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Do You Avoid These Common Project Management Mistakes?

You only know you’ve mismanaged a project once something has broken. These slip-ups can result in going way over budget or a lot more time being spent on the project than anticipated. Even the best project managers can fall prey to these blunders. In an article for, Jennifer Lonoff Schiff explains what some of these mistakes are and how to avoid them.

Melting Away Mismanagement

Lonoff Schiff says that avoiding these mistakes comes from the very beginning of your team’s time together. You need to meet with everyone in your team and establish what the goals are right at the start. This will help build their confidence going into their work, big or small. You should also aim to further break down the bigger projects into more bite-sized pieces for your team. That said, remind both your team and yourself which projects and tasks are of the highest priority from day to day.

Another aspect to note is that you’re also managing people, not solely the business aspects like the scope or cost. Make sure to schedule check-ins with everyone involved to make sure their vision of the project is working with the progress being made. Just as you’re communicating with stakeholders, you should similarly make sure you’re regularly communicating with your team. Establishing a solid means and frequency of communication is essential to your project’s success.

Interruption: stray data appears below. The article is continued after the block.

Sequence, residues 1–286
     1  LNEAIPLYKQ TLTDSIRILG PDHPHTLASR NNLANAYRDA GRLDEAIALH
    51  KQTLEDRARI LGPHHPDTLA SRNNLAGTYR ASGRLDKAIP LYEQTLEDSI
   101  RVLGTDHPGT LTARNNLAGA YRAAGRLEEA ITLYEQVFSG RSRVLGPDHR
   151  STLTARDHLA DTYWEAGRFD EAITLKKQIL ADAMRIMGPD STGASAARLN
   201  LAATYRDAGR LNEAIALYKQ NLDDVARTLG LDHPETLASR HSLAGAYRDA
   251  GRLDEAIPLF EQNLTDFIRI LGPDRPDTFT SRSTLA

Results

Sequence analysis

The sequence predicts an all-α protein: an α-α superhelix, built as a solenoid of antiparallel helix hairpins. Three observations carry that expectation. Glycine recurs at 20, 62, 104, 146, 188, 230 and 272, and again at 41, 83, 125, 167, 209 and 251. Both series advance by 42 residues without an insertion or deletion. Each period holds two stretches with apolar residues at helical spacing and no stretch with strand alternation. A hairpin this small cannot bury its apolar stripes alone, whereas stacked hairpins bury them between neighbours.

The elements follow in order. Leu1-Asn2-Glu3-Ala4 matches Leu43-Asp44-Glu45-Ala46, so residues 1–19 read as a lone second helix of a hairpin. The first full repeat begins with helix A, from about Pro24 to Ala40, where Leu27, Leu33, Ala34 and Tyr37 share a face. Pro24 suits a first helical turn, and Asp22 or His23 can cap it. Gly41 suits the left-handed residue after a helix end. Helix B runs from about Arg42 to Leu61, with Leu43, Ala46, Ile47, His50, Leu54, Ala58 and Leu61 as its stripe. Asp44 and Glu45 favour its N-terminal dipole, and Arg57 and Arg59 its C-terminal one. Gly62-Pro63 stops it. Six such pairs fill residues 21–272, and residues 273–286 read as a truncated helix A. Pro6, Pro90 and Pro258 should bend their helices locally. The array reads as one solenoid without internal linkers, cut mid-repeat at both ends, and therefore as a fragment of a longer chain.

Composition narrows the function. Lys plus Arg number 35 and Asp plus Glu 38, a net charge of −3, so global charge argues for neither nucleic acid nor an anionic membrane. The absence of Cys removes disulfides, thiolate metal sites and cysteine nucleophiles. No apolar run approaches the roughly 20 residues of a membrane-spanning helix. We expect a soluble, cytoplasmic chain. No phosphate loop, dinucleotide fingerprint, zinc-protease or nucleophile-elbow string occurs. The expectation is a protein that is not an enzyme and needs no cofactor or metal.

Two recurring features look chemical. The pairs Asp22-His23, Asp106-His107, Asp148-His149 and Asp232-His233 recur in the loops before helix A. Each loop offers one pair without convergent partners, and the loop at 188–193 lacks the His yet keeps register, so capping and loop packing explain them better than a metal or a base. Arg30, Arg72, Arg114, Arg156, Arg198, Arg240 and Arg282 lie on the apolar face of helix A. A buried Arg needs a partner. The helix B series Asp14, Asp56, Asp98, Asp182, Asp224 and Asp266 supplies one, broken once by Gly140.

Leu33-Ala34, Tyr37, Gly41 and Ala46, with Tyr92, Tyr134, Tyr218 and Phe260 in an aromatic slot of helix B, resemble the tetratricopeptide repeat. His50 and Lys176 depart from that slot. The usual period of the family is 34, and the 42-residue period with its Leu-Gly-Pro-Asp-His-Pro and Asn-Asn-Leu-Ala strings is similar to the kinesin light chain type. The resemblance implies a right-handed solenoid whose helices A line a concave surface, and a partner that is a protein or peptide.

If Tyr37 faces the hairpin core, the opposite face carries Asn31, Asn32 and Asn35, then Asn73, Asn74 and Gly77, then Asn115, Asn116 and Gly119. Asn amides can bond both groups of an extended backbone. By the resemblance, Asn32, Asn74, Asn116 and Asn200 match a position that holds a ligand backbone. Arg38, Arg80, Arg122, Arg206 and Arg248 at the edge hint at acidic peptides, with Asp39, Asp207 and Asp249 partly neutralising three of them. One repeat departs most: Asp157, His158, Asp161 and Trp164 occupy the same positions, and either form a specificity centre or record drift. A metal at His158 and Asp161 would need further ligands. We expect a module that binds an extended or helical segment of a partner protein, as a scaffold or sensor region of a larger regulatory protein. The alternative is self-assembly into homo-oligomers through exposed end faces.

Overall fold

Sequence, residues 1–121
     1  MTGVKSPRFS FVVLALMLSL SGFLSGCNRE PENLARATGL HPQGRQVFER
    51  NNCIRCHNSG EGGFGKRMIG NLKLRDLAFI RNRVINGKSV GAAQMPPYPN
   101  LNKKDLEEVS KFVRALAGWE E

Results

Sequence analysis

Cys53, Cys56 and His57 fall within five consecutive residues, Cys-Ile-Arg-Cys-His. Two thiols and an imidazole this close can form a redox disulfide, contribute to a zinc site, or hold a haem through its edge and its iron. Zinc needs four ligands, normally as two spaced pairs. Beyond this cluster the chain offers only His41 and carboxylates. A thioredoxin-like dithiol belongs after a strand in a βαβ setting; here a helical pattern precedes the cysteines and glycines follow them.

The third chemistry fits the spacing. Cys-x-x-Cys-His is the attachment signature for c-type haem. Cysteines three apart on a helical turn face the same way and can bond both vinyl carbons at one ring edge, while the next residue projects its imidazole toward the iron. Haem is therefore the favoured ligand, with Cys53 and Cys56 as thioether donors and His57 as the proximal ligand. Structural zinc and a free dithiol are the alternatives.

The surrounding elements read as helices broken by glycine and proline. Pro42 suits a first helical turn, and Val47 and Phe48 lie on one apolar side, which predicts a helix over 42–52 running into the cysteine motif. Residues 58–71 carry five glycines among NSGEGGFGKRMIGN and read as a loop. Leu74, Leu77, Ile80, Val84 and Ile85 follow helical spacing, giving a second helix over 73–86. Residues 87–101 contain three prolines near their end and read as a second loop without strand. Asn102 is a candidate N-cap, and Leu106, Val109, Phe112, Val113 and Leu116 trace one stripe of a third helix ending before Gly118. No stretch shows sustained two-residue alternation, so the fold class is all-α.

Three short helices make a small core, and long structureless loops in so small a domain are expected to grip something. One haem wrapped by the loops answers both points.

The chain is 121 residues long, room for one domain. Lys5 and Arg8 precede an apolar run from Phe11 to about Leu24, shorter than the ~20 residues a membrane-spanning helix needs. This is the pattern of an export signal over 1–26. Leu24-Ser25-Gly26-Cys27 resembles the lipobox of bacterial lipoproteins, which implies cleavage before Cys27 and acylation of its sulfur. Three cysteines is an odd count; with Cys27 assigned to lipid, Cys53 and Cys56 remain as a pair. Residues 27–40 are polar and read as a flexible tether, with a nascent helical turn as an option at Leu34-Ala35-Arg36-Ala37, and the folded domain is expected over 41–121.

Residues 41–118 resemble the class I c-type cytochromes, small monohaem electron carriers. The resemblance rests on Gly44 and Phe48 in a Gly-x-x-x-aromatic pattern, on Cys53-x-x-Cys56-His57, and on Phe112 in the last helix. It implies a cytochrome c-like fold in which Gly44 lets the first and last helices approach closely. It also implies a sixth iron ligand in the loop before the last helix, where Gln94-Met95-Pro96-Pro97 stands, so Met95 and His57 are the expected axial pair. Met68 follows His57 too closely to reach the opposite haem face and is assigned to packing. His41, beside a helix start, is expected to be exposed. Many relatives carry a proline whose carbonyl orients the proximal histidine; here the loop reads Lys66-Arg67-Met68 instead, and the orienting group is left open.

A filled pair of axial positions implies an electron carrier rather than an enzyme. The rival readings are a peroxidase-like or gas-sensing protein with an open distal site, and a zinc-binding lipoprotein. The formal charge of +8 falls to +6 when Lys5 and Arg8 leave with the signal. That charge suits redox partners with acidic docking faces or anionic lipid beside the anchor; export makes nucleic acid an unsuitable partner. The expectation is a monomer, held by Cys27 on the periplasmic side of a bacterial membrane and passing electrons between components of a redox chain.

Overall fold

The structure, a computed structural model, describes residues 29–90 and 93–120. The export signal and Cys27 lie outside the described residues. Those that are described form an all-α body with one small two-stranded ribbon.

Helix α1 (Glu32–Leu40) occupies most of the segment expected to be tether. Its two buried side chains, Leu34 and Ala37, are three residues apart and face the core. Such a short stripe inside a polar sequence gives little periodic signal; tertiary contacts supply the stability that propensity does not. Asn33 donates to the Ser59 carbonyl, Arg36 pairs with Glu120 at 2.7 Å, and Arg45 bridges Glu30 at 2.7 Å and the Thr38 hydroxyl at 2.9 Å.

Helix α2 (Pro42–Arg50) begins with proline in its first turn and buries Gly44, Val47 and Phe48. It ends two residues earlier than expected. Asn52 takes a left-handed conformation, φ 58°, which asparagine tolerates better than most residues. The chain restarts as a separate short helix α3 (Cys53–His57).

Scope creep is something that affects all projects and occurs, as the name implies, slowly. Keeping changes under control and keeping them from getting out of hand is important to your team’s success. Lonoff Schiff also stresses the importance of using the project management tools at your disposal.

Lastly, failure to readjust course when a project is failing is another common mistake. About this, Lonoff Schiff shares this:

That’s why it is essential to “create a vehicle for transparent and truthful reporting… [that]provides executive stakeholders with information that allows for good, timely decision making,” [Brandon Evans, CTO of Changepoint] says. That way, “if the project is strategically important, [and something goes wrong,]the business can change course and [help the project to]become successful by adjusting [the]budget, resources and/or delivery expectations.”

You can view the original article here:

About Austin J. Gruver

Austin is a Staff Writer for AITS. He has a background in professional writing from York College.

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